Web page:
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Codey McIntyre, president of the Calgary Firefighters Association.Glenn Lowson/The Globe and Mail

The union representing Calgary firefighters, who responded to more than 4,000 overdose and poisoning calls last year – a sevenfold increase in five years – says its members need more support to meet the growing demand for their services amid the opioid crisis.

Data provided to The Globe and Mail by the Calgary Firefighters Association shows there were 4,086 overdose and poisoning 911 calls to the Calgary Fire Department in 2021, up from 541 in 2016 and far outpacing increases in the numbers of calls for other life-threatening, time-dependent emergencies.

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Codey McIntyre, the union president and an active firefighter, said that on some calls firefighters have shown up to multiple people overdosing simultaneously and have had to bring in other units after running out of naloxone, a life-saving medication used to reverse the effect of opioids. Sometimes the drugs are so potent that a person requires multiple doses in quick succession.

“This is a very tragic situation, and we just don’t see an end in sight,” Mr. McIntyre said. “Our Calgary firefighters show up every day, proud to protect Calgarians, and it’s just getting a lot harder … our budgets are getting smaller and smaller.”

He said Calgary has the lowest staffing level of any metropolitan fire department in the country and faces an unprecedented demand for its services across the board, which is why the union is lobbying city council to boost the department’s budget.

Overdose and poisoning calls can include other types of emergencies, such as carbon monoxide poisoning, but the vast majority of those calls last year were drug-related, Mr. McIntyre said, and can require firefighters to administer naloxone, provide oxygen or perform CPR.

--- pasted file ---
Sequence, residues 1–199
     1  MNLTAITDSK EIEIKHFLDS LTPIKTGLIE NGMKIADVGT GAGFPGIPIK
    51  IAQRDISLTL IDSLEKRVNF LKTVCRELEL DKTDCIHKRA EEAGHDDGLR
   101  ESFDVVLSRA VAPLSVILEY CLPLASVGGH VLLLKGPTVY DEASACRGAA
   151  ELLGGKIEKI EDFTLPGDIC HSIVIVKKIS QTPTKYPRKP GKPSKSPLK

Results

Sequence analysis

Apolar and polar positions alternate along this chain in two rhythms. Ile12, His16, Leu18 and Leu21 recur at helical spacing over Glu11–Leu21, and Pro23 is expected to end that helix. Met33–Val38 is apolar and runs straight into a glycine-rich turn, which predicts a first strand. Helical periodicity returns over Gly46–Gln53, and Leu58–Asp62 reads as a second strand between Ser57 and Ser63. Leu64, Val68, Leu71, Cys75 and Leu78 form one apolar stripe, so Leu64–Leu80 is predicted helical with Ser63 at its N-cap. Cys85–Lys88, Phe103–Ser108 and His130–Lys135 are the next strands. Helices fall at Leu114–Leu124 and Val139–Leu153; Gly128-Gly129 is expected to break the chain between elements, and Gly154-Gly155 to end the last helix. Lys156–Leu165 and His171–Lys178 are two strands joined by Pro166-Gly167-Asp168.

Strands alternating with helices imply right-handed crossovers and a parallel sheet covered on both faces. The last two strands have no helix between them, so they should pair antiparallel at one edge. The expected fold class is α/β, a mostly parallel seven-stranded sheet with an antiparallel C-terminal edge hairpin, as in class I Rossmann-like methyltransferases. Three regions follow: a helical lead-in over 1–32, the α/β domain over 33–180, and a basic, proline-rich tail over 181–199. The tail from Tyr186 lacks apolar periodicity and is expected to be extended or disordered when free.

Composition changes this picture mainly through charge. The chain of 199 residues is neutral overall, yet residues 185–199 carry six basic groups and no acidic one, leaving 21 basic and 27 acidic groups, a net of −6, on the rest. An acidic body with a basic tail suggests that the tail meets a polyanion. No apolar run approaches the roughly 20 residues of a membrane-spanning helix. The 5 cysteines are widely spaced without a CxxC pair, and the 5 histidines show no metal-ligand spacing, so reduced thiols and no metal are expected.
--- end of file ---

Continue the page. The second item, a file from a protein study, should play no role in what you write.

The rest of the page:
Overdose deaths, linked largely to high-potency opioids such as fentanyl and carfentanil, have risen significantly across Canada during the pandemic. In Calgary alone, the death toll reached 570 last year, compared with 228 in 2016. Provincial data does not show how many people suffered non-fatal overdoses, but frontline health care workers, people actively using substances and emergency services have pointed to extraordinary levels.

Calgary Fire Chief Steve Dongworth said firefighters often arrive before emergency medical services (EMS) to overdose-related calls and spend a good deal of time with patients before paramedics arrive. Sometimes they’re too late. He said the service does not track fatalities but they’re “not uncommon.”

“If you’re in cardiac arrest, every minute your chance of survival decreases by 10 per cent, so in 10 minutes you have virtually no chance of survival,” he said.

Fire departments have been left to fill a void in recent years as paramedics have also faced surging demand and staffing shortfalls. It’s not unusual for city ambulances to be on red alert, which means none are available at a given time. Cities such as Calgary have criticized the province for centralizing ambulance dispatch under Alberta Health Services (AHS) last year, linking it to delays.

The Alberta Substance Use Surveillance dashboard shows EMS responses to opioid-related events in 2021 grew 33 per cent from 2018. EMS directed a request for comment to AHS. Spokesperson Kerry Williamson said, in a statement, that EMS continues to manage a sustained increase in 911 calls, which at times are 30 per cent above prepandemic levels.

Chief Dongworth said the numbers of drug poisoning calls and mental health calls are even higher this year over last year. He emphasized that increasing firefighters’ ability to respond is crucial but won’t solve the problem.

“These are some of the most stressful calls that they have to deal with,” he said. “Not all, but a number are experiencing social problems, mental health challenges, homelessness, and it’s devastating to see another human being, frankly, experiencing all of those things with no apparent ability to break the cycle.”

He said the city and the province need more drug use prevention programs and broader supports for people using substances.

Alberta’s associate ministry of mental health and addictions did not respond to multiple requests for comment.

Edmonton Fire Rescue Services said in a statement that it is also seeing a spike in overdose and poisoning calls. Over four years it has recorded a 451-per-cent increase, from 1,063 events in 2018 to 5,863 in 2021. This year is trending slightly above 2021 totals, with almost 3,200 events in the first six months.

Even Calgary police, who are generally not called to medical events such as overdoses, are feeling the strain. Lindsay Nykoluk, a spokesperson for the Calgary Police Service, said: “The sad reality is our officers are coming across more ‘on-view’ situations where they are administering naloxone as a life-saving measure.”

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